Muscovy Duck Eggs: Egg-cellent Facts Everyone Should Know | Kidadl


Muscovy Duck Eggs: Egg-cellent Facts Everyone Should Know

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A Muscovy duck is a duck breed that is endemic to the Americas.

Like other duck breeds, this duck breed belongs to the class of birds. Like other birds, Muscovy ducks also lay eggs.

There are two types of subspecies of Muscovies, and these are wild Muscovies and domestic Muscovies. The scientific name of this duck breed is Cairina moschata. Muscovy ducks are large, and their breeding populations have increased in the United States. They are generally found in Florida, Massachusetts, Louisiana, Hawaii's Big Island, and other parts of North America, including southern Canada. Feral breeds of Muscovy ducks can also be found in parts of Europe, New Zealand, and Australia.

While the male Muscovy duck is called a Muscovy drake, the female is called a Muscovy hen. The male Muscovy duck is about 30 in (76 cm) in size and weighs around 15 lb (7 kg). Females of this breed are considerably smaller than the males, with their weight being around 6.6 lb (3 kg), just half of their male counterparts. Muscovy ducks are generally white and black in color, with their beaks or bills being yellow, black, pink, or red. The black feathers of male ducks are more glossy, while female ducks are slightly drab. The wings of these birds may have white bars or patches, which can be seen during flight. While wild Muscovies have black-colored bodies, domestic Muscovies come in slight variations of black mixed with white and brown, especially in the head region.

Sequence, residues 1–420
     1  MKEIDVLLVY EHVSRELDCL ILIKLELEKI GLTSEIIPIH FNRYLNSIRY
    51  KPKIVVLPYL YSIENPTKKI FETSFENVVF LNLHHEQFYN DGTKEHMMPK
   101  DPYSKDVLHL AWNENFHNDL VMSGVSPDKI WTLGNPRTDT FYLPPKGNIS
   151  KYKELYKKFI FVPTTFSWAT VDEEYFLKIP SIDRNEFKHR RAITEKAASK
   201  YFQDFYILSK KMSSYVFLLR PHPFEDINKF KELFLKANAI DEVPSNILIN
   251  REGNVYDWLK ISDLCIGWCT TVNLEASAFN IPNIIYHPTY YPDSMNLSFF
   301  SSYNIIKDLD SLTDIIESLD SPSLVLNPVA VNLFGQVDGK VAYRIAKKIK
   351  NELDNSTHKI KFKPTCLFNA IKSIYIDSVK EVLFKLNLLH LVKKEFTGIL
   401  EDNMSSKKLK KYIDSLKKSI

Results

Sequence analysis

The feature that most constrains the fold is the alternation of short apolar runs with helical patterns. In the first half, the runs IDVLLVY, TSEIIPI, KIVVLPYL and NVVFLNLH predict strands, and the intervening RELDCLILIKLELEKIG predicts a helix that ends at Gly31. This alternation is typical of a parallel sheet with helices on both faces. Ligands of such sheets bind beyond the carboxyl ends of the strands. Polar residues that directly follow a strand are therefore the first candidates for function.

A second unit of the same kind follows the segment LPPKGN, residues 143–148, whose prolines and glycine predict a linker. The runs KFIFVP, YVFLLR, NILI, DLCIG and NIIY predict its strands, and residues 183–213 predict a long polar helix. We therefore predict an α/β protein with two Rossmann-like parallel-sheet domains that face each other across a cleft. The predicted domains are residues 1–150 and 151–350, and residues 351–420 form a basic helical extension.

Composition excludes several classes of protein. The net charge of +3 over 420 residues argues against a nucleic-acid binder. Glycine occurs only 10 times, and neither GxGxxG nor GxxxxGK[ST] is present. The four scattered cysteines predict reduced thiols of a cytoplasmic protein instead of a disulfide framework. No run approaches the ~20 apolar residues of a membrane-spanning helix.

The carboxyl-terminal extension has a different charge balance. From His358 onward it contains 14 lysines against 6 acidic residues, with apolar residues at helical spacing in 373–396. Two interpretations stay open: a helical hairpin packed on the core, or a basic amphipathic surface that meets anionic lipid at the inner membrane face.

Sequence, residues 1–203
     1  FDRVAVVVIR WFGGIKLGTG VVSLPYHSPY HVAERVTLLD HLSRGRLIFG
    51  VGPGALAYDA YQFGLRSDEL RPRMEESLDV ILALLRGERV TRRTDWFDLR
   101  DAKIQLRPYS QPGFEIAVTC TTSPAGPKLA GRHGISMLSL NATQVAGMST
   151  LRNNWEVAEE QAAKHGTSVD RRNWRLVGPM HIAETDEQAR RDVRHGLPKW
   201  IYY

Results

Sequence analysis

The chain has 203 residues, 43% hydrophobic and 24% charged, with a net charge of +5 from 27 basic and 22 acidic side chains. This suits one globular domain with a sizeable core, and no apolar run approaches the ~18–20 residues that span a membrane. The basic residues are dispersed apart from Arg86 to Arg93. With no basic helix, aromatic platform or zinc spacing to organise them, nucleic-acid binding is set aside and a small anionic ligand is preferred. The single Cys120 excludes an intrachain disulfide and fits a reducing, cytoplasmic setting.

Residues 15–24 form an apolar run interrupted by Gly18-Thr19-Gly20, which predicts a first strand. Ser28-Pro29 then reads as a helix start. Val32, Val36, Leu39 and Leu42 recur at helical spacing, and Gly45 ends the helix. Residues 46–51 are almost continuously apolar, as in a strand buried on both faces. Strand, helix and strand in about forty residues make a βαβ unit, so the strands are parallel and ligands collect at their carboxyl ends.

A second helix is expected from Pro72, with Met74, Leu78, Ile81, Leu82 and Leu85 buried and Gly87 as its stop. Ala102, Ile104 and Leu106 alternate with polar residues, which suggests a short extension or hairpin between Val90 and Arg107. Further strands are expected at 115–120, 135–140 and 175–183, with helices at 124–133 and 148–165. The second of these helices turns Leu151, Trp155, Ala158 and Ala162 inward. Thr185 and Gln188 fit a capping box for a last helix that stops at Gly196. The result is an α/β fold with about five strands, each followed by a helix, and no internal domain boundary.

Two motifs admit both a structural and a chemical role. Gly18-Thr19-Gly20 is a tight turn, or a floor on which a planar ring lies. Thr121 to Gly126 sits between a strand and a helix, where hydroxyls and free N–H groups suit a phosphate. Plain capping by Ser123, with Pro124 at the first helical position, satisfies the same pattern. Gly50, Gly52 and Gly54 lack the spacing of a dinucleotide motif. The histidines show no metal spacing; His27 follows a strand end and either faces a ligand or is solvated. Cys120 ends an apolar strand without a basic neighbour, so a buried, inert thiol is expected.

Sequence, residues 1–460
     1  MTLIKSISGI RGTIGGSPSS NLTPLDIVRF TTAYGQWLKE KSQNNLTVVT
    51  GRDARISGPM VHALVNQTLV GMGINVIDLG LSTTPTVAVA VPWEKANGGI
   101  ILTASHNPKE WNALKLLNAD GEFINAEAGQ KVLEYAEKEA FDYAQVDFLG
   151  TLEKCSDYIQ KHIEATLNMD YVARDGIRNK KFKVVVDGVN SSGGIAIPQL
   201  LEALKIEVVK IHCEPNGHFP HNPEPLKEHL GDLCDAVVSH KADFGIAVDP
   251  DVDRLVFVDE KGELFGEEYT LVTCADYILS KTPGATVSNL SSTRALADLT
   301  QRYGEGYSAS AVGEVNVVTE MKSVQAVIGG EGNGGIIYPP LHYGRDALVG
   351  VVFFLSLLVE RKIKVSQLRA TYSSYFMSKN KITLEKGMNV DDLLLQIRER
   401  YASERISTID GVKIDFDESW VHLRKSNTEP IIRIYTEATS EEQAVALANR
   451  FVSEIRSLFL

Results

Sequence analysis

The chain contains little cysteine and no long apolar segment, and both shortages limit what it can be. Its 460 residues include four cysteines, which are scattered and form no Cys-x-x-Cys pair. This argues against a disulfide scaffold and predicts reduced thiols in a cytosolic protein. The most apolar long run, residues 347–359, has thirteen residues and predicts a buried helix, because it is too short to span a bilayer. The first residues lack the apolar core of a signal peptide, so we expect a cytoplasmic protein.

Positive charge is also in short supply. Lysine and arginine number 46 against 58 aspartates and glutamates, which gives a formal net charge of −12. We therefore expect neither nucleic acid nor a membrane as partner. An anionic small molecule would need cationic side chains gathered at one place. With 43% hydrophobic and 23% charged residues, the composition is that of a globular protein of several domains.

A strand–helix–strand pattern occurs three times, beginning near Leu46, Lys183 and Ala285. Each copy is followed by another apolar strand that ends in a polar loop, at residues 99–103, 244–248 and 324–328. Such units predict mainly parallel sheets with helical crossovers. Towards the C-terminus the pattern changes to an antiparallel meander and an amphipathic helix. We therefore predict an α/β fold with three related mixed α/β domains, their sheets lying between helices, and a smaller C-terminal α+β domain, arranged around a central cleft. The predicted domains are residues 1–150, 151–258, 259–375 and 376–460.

Muscovy ducks are domesticated and raised for various reasons. People have been raising Muscovies for centuries. Muscovies, like chickens, are raised as poultry birds. They are kept in a duck house. One of the purposes of raising Muscovies is for meat. Unlike the meat from the other breeds of ducks which are considered to be descendants of Mallard ducks, the meat of a Muscovy duck is much better. Muscovy duck eggs are also considered very yummy and popular amongst people.